Former Minnesota governor Tim Pawlenty attempted to separate himself from his fellow Republican presidential hopefuls on Tuesday in a speech that laid out an active and aggressive foreign policy vision.
Pawlenty, speaking at the Council on Foreign Relations, criticised some in his party who have tended toward a more isolationist stance, particularly when it comes to the war in Afghanistan.
"America already has one political party devoted to decline, retrenchment and withdrawal," Pawlenty said. "It does not need a second one."
While Pawlenty named no names, the targets of his comments were clear: former governors Mitt Romney of Massachusetts and Jon Huntsman of Utah. Huntsman, in particular, has come out in favour of a more rapid withdrawal from Afghanistan than the one that President Barack Obama laid out last week.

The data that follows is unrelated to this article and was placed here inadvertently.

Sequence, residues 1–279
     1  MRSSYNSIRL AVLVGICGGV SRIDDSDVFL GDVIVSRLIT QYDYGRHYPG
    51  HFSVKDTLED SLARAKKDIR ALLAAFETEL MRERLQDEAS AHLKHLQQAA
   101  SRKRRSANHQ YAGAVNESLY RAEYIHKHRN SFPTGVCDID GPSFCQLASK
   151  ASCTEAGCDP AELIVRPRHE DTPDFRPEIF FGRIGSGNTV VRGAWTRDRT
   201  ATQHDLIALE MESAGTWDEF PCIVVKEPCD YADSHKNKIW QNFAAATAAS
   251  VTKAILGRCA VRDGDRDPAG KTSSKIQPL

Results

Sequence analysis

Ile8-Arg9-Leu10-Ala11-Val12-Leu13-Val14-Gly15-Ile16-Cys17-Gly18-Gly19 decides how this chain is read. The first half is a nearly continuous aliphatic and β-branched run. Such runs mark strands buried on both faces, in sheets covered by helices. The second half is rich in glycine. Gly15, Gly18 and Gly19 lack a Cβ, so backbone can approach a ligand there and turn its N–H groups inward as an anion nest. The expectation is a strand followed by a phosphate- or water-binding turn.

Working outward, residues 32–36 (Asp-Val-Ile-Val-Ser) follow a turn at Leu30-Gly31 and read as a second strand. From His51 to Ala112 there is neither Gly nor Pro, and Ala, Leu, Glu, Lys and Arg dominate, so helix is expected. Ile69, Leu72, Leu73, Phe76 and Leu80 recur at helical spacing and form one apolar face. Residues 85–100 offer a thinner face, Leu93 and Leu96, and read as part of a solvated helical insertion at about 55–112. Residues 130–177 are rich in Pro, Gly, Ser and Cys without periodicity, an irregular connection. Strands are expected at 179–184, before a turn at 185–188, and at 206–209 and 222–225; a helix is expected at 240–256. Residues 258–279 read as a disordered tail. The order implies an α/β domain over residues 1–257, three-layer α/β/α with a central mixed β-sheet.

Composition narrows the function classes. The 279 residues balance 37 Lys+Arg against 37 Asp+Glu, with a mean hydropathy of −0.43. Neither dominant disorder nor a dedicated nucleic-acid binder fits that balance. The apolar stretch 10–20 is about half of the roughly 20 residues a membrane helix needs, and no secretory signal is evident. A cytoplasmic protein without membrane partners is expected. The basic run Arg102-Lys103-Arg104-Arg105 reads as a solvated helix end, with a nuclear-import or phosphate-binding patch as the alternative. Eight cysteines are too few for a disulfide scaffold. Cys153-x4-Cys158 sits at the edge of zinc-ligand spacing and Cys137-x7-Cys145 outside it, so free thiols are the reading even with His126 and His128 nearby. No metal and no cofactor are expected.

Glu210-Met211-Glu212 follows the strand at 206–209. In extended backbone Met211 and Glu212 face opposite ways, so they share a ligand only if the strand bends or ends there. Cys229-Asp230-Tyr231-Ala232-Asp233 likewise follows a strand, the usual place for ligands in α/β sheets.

Romney caused some to wonder whether he was advocating a more isolationist stance two weeks ago when he said in a presidential debate that the Afghan war shows that the U.S. "cannot fight another nation's war of independence." His campaign has since rejected the idea that he has moved toward isolationism.
Pawlenty is wasting no time, however, in trying to cast himself as the leading foreign policy hawk among the top-tier presidential candidates. Even putting aside his stance on Afghanistan, he is going further than many of his Republican rivals have been prepared to go.
In his speech, Pawlenty struck an aggressive tone about the U.S. role in the international community.
He suggested that the United States should push for regime change in several countries in the Middle East and North Africa, including Libya and Syria, and that it should urge allies such as Saudi Arabia to improve their treatment of religious minorities and women.
(In association with The Washington Post. For more log on to www.washingtonpost.com)